So it's going to happen after all.
After the Amsterdam Common Council voted 3-1 against granting another purchase option to the developers looking to build apartments on the site of the former Chalmers Knitting Factory, I assumed the project was dead.
I also assumed that the 3.3-acre parcel would sit empty for a long, long time.
Wouldn't the Council's eleventh-hour aversion to the project signal that the city couldn't be trusted, and scare off other developers?
We might never know the answer to this question, because this week KCG Development bought the Chalmers property for $300,000.
The Council's refusal last month to grant KCG another purchase option sent a less than welcoming message to a developer that has invested nearly $600,000 in a project that calls for a mix of affordable and market rate apartments and a banquet hall.
Now KCG has sent a message of its own.
This developer is committed to its project, and willing to stick with it despite the unfriendly chill emanating from community leaders.
From where I sit, this is a positive development.
The project, known as Chalmers Mill Lofts, is a good one for Amsterdam.
It's big — the largest project in the city since the construction of the Amsterdam Mall in the 1970s — but it's also suitable.
Much of the opposition to the project appears rooted in an animus toward renters, particularly those who live in affordable housing.
But Census data indicate that Amsterdam is a city where a majority of residents rent, the median household income is $36,000 and nearly 30 percent of people live in poverty. (Nationally, the poverty rate is 11.8 percent.)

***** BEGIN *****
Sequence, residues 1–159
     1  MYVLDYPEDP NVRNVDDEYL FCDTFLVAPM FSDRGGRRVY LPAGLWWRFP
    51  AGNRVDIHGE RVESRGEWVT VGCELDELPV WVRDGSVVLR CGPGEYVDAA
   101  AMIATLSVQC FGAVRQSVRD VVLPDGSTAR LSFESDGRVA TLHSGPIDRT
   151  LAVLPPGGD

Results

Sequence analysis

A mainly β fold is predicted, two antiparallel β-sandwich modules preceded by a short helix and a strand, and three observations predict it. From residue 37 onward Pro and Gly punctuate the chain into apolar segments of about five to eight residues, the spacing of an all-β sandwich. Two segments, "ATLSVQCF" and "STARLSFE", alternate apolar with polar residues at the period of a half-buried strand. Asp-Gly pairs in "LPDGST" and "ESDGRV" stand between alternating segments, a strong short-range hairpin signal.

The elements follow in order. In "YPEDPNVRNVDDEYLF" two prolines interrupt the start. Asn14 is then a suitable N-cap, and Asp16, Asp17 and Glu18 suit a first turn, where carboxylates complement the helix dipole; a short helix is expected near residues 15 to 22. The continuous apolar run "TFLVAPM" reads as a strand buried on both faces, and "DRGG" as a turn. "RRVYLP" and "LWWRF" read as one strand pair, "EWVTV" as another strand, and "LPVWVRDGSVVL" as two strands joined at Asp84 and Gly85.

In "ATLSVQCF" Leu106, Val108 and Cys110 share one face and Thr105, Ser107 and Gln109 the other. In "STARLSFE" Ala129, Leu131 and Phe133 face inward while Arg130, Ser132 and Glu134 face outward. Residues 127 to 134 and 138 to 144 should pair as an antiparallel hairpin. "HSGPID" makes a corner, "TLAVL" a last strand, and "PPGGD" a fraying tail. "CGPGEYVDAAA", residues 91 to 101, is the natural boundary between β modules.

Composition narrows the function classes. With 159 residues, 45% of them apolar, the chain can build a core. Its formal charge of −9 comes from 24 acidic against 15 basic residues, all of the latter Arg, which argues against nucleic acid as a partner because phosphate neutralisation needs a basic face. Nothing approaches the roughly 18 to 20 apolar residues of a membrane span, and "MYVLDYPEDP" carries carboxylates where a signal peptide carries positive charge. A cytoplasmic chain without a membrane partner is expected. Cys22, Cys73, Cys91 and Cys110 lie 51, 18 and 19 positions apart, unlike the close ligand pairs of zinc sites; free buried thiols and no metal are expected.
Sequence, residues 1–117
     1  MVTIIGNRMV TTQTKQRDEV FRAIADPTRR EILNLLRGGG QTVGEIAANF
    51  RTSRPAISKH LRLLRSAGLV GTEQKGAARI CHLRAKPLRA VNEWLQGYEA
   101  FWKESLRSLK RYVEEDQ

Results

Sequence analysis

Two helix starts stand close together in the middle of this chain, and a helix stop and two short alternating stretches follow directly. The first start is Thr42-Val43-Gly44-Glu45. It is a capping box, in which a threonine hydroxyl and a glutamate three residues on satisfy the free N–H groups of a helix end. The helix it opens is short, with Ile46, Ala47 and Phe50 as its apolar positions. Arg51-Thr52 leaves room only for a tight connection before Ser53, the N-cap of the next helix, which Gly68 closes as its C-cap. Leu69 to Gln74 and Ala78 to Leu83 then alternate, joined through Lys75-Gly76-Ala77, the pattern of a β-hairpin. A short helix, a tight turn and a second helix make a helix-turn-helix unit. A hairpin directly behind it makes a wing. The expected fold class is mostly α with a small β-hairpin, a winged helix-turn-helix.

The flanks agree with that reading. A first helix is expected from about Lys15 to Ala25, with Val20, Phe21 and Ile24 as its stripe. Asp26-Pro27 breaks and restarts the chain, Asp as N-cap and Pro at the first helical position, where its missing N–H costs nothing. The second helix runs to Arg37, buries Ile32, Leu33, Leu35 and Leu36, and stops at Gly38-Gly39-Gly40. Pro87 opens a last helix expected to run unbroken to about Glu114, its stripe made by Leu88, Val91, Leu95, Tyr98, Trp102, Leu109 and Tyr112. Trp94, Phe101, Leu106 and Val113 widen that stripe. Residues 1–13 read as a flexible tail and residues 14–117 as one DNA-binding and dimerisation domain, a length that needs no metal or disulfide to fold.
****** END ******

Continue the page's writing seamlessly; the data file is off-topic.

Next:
The apartments KCG plans to build will meet a real need in the community, by providing quality housing at below market rate rents: $650 a month for a one-bedroom apartment and $750 a month for a two-bedroom. The market rate apartments would rent for a minimum of $1,100 a month, which is pretty pricey, if you ask me.
Incoming mayor Michael Cinquanti has said he'd like to see owner-occupied housing built on the property, but it seems unlikely, given KCG's purchase of the land, that he'll get his wish.
This doesn't mean that owner-occupied housing won't ever get built in Amsterdam.
The hope is that Chalmers Mill Lofts will serve as a catalyst for future development — a broad category that includes owner-occupied housing.
The project is a big part of Amsterdam's $10 million Downtown Revitalization Initiative award from the state, which includes $312,785 for new infrastructure, such as a boardwalk, designed to increase pedestrian activity along the riverfront.
If all of these different projects come to fruition, downtown Amsterdam might one day be a very different place — busier and more dynamic, a city on the upswing.
Opponents of the Chalmers Mill Lofts project aren't wrong to view the riverfront as one of Amsterdam's best assets, or to wonder whether there are better uses for the property.
But their yearning for a different kind of development has blinded them to what the proposed apartment complex/banquet hall can do for the city.
It doesn't represent the end of new development in Amsterdam so much as the beginning.
Reach Sara Foss at [email protected]
. Opinions expressed here are her own and not necessarily the newspaper's.